We bring you this week’s medtech news, from Boston and beyond:
1. The VA Center for Innovation Launches a New Initiative
On May 15, the VA will be launch a VA Innovation Creation Series, which will hopefully accelerate the development of prosthetics and assistive technologies for Veterans. The series will be launched at the Palo Alto VA Medical Center and will include a Prosthetics & Assistive Technology Innovation Challenge for designers, engineers and problem solvers, who can contribute design solutions for proposed problems. The series will also culminate in a two day “make-a-thon” event in July at the VA in Richmond, Virginia.
“We are seeking 3D printed design surrounding new devices in this arena,” says Andrea Ippolito, a White House Innovation Fellow for the VA. “We think this fits in with a larger movement in healthcare surrounding 3D printed devices.”
2. Eli Lilly and Company Heads to Cambridge
Eli Lilly & Company announced this week their plans to establish a drug delivery and device innovation center in Kendall Square. According to a release, the center will allow leading life science experts and organizations to explore the use of emerging technologies and connectivity for drug delivery.
“The Lilly Cambridge Innovation Center complements a deliberate push by the company to be an industry leader in providing convenient, reliable drug delivery and device innovation,” Lilly Chairman, President and CEO John Lechleiter, PhD, said in a statement. “Locating in Cambridge is an important strategic move for achieving this goal, as it provides us access to a concentration of high-caliber academic institutions, cutting-edge life science and technology companies, and some of the world’s leading talent.”
3. Hospitals Seek Expanded External Support, Study Shows
According to the L.E.K. Consulting 2015 Strategic Hospital Priorities Study, hospitals are seeking external partners, rather than using internal resources, to fulfill high-priority needs more frequently. This transition could lead to opportunities for stronger innovation within large clinical organizations, especially in the areas of medical device development and digital health solutions.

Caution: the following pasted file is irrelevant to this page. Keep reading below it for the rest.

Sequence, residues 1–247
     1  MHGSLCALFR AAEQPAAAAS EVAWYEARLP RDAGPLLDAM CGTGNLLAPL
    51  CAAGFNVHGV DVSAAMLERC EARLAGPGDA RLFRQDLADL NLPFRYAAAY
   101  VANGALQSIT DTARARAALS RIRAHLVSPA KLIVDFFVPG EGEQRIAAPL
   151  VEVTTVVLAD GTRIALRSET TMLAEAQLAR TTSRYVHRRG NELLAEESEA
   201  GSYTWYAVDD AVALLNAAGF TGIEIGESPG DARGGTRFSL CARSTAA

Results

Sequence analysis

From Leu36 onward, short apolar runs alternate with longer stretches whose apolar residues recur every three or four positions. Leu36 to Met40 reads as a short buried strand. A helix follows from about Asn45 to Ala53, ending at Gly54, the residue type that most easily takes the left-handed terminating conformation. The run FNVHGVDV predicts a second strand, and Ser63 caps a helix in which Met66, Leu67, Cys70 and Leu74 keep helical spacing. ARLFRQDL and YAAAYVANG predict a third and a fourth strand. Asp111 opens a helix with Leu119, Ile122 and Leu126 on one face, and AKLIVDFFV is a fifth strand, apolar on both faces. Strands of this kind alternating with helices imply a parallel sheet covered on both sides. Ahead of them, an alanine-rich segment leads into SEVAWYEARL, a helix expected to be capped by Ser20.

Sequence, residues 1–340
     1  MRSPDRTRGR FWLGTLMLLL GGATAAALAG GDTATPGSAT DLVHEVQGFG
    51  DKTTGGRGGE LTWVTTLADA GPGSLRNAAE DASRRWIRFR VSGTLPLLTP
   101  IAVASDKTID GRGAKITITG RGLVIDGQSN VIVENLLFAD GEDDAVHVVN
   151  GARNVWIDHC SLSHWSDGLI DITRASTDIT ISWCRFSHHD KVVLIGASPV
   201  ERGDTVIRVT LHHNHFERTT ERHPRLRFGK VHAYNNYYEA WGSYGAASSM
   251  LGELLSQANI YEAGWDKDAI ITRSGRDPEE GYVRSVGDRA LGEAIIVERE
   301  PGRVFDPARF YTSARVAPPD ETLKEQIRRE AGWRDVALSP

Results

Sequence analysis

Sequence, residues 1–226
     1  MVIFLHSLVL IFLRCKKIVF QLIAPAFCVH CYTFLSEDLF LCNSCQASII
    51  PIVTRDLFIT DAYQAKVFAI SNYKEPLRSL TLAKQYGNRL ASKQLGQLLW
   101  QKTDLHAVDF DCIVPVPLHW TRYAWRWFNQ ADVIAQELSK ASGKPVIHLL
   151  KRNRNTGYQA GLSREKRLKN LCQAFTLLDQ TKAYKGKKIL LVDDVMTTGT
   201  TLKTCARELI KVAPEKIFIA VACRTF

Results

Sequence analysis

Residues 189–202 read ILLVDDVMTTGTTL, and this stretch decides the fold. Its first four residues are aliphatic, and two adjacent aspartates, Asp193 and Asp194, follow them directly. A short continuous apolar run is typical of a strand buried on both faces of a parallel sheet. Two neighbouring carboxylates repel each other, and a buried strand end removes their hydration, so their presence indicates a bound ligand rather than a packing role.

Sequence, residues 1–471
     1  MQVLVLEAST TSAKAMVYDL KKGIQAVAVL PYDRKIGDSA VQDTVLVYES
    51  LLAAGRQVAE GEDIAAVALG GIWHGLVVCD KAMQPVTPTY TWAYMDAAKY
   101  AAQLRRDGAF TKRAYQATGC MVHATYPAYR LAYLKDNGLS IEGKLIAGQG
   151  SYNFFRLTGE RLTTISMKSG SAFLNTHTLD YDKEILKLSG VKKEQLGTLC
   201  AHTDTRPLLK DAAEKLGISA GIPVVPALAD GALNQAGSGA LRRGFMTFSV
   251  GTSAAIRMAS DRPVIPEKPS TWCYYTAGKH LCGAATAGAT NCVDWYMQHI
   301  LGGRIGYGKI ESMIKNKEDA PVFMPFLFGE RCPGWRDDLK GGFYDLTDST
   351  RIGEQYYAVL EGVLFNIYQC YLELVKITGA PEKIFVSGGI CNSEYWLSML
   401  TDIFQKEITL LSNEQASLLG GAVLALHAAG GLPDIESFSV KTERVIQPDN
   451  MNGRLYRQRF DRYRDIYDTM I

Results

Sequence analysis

“We believe that the MedTech industry has hit an inflection point and many of the trends are accelerating, providing critical implications for MedTech suppliers,” Jonas Funk, managing director in L.E.K.’s global MedTech practice, said in a statement.
4. HHS Expands the Pioneer ACO Program
The Pioneer Accountable Care Organization (ACO) program, piloted by the Centers for Medicare & Medicaid Services, will be expanding, according to an announcement from the Department of Health and Human Services this week. The program has already saved payers and providers $384 million in just two years.
This innovative global pay model was created as a pilot project several years ago and has included several local healthcare organizations, including the Beth Israel Deaconess Care Organization. According to the announcement, an independent evaluation report found that the ACO model saves an average of approximately $300 per year for each participating beneficiary while also continuing to deliver high-quality patient care. We like what we’re hearing! Expansion plans involve scaling the Pioneer ACO model into other Medicare programs.
Jenni Whalen is the Executive Assistant of Editorial at Upworthy. She was previously MedTech Boston's Managing Editor and has an MS in Journalism from Boston University, as well as a BA in Psychology from Bucknell University. Whalen has written for Greatist, Boston magazine, AZ Central Healthy Living and the New England Journal of Medicine, among other places. She has also worked as a conference planner, ghost writer, researcher and content developer.
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